John Deere says that farmers don’t really own their tractors — even the ones they buy used! — because the copyrighted software necessary to run those tractors is licensed, not sold.
They say that the fine-print on the license agreement, combined with the ban on breaking software locks in Section 1201 of the Digital Millennium Copyright Act, means that farmers who reconfigure their tractors to recognize new parts without having them activated by technicians who charge hundreds of dollars, and take days, to travel to their farms and type in a password.
Which is why John Deere tractor owners are downloading DRM-breaking tools from Ukraine, a practice that’s taken hold in Canada (where the old Conservative government rammed through Bill C-11, which mirrors the US DMCA and gives the same abusive powers to businesses as they enjoy in the US). The alternative isn’t just forking over hundreds of wasted dollars to John Deere for the privilege of using their own goddamned tractors: it’s the ability to harvest a crop when it is ripe, and not days later, when John Deere grudgingly permits you to do so.
Right to Repair bills are pending now in eight states, which would force companies like Deere to provide independent service centers — and their customers — with the tools to fix their devices and gadgets.
Modern tractors, essentially, have two keys to make the engine work. One key starts the engine. But because today’s tractors are high-tech machines that can steer themselves by GPS, you also need a software key — to fix the programs that make a tractor run properly. And farmers don’t get that key.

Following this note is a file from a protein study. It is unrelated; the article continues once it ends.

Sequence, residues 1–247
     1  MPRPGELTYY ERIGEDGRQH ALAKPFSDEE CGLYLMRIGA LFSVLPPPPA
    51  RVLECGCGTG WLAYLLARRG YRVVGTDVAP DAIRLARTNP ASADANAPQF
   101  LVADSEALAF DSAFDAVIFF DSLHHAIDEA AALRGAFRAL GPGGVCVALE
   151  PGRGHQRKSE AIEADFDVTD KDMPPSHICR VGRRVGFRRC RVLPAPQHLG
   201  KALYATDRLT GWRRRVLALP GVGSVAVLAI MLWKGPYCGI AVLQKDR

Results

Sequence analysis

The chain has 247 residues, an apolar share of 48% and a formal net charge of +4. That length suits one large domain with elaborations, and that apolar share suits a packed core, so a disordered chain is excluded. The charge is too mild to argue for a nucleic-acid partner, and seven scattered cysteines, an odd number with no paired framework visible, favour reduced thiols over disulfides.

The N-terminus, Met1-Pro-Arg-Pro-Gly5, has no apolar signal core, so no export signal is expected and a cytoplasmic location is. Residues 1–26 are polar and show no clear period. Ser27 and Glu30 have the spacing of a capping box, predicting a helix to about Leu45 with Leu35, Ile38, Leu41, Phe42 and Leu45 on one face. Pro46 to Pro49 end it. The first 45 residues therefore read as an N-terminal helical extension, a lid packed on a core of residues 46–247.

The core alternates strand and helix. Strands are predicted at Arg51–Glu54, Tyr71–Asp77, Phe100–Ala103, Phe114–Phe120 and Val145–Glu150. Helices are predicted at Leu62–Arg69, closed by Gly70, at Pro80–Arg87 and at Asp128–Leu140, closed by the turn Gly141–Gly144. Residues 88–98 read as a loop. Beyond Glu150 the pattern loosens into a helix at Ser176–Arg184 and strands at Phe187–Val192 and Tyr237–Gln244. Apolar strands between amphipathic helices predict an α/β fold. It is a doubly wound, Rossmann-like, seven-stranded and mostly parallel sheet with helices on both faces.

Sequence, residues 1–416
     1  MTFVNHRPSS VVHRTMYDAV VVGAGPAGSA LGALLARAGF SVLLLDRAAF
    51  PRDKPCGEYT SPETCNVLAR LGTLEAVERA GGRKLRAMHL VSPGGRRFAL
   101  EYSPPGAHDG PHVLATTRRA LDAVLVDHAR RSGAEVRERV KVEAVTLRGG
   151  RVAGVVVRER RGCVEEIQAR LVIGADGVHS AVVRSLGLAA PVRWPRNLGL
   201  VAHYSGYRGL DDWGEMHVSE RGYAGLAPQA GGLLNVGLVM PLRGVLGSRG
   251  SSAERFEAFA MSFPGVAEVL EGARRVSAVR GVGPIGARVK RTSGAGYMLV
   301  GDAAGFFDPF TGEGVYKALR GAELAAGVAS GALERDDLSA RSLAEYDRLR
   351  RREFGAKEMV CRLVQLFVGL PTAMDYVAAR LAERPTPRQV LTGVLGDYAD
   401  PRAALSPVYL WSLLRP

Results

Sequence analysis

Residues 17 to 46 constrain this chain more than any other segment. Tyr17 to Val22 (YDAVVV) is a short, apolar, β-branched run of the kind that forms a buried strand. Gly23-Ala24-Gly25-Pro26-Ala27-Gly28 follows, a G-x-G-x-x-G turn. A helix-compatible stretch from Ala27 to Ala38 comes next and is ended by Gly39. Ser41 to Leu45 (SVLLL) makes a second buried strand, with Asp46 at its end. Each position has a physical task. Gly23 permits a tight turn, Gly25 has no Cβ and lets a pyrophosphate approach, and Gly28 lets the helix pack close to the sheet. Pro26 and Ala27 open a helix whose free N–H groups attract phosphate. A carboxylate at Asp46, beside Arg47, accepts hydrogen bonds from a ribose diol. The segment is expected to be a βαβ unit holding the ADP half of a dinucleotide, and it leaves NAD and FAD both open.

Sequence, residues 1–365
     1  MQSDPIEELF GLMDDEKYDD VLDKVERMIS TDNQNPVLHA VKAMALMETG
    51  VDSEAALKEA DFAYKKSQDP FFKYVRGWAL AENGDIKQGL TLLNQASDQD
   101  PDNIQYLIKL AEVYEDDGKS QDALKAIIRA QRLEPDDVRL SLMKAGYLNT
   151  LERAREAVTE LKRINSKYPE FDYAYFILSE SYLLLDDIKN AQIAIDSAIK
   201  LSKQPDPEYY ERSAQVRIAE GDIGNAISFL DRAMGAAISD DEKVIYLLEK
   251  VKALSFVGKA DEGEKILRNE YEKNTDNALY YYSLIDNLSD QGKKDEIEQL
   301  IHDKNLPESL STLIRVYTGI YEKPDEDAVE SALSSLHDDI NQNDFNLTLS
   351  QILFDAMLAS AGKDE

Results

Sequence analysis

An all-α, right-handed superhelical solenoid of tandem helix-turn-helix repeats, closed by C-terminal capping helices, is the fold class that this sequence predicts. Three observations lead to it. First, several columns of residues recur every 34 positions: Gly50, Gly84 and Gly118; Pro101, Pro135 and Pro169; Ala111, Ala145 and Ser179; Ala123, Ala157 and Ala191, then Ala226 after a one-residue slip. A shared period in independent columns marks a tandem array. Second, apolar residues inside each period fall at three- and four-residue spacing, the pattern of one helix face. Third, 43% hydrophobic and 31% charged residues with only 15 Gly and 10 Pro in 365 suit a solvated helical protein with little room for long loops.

"You’re paying for the metal but the electronic parts technically you don’t own it. They do," says Kyle Schwarting, who plants and harvests fields in southeast Nebraska.
He previously ran auto shops fixing cars and trucks. So when he started farming, he thought he’d be a natural to do the mechanical work himself.
Even a used combine like his Deere S670 can cost $200,000 or $300,000. As he lifts the side panel on this giant green harvester, he explains that the engine is basically off limits.
"Maybe a gasket or something you can fix, but everything else is computer controlled and so if it breaks down I’m really in a bad spot," Schwarting says. He has to call the dealer.
Only dealerships have the software to make those parts work, and it costs hundreds of dollars just to get a service call. Schwarting worries about being broken down in a field, waiting for a dealer to show up with a software key. If he had that key, he could likely fix the machine himself.
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